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NICKELS HISTORY

1964 - 1967

After temporary inactivation Nov.7, 1945, the Triple Nickel came back to life Jan.8, 1964, as the 555th Tactical Fighter Squadron at MacDill AFB, Florida. It was the first operational squadron in the Air Force to fly the McDonnell Douglas F-4C Phantom II. The Triple Nickel then deployed to Okinawa, Japan, and became a permanent unit there in late 1965, under the 12th Tactical Fighter Wing.

The squadron returned to combat from Udorn RTAFB, Thailand, scoring its first two aerial victories April 23, 1966. One week later, the Nickel gained the distinction of being the first "Ace" squadron in Southeast Asia with six kills.

At this time the Squadron wear the tail-code FY.

In June 1966, the 555th TFS moved to Ubon RTAFB joining the 8th Tactical Fighter Wing "Wolfpack". While stationed in Ubon, the Triple Nickel downed an additional 13 aircraft including four MiG-21s Jan.2, 1967. The Nickel was now the only "Quad ace" fighter squadron in this operational theatre, with twenty MiGs to its credit. Four months later the Triple Nickel became the first squadron in Southeast Asia to convert to F-4D.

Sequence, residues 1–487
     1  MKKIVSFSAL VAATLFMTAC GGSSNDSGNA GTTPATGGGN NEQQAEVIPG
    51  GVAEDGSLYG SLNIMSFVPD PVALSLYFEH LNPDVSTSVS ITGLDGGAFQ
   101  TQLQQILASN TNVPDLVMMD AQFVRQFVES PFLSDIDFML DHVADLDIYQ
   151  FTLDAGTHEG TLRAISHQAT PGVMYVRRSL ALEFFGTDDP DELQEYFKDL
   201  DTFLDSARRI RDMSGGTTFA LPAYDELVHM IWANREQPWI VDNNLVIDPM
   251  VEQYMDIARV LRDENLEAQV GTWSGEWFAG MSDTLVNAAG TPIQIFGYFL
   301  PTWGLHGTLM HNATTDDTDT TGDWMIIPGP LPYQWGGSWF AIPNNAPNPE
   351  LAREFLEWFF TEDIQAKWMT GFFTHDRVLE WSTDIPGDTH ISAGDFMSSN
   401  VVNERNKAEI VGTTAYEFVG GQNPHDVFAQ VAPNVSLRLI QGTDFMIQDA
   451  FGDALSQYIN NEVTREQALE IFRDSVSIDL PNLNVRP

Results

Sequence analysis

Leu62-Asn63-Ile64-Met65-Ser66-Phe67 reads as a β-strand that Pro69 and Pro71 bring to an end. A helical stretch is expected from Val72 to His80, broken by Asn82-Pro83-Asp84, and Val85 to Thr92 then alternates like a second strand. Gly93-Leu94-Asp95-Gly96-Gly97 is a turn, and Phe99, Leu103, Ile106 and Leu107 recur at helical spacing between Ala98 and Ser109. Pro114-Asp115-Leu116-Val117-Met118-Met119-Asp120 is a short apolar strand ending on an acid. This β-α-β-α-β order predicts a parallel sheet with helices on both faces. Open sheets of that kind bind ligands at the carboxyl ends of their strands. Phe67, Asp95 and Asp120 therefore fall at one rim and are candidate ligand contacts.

Ubon Royal Thai Air Force Base
Ubon Ratchatani, Thailand
OPERATION "BOLO"

During the last months of 1966 the MiG-21s of the VPAF (deployed in the 921st Fighter Regiment) became very active and succesful in the mission to intercept the F-105 formations of the USAF. In their own figures, the 921st FR shot down nine Thunderchiefs in December 1966; particularly, the MiG-21 pilots claimed two F-105s downed on December 5, and three more on December 14. There is no statistics of losses in aerial combats from USAF regarding that period, but its records of POW/MIA/KIA show at least one F-105 lost in each December 5 and December 8.

Letting aside how many of the VPAF claims are admitted by USAF, certainly the amount of American planes lost due to the MiGs became worrying, because the USAF decided to make an important effort to neutralize the MiG threat: the effort was known as Operation “Bolo”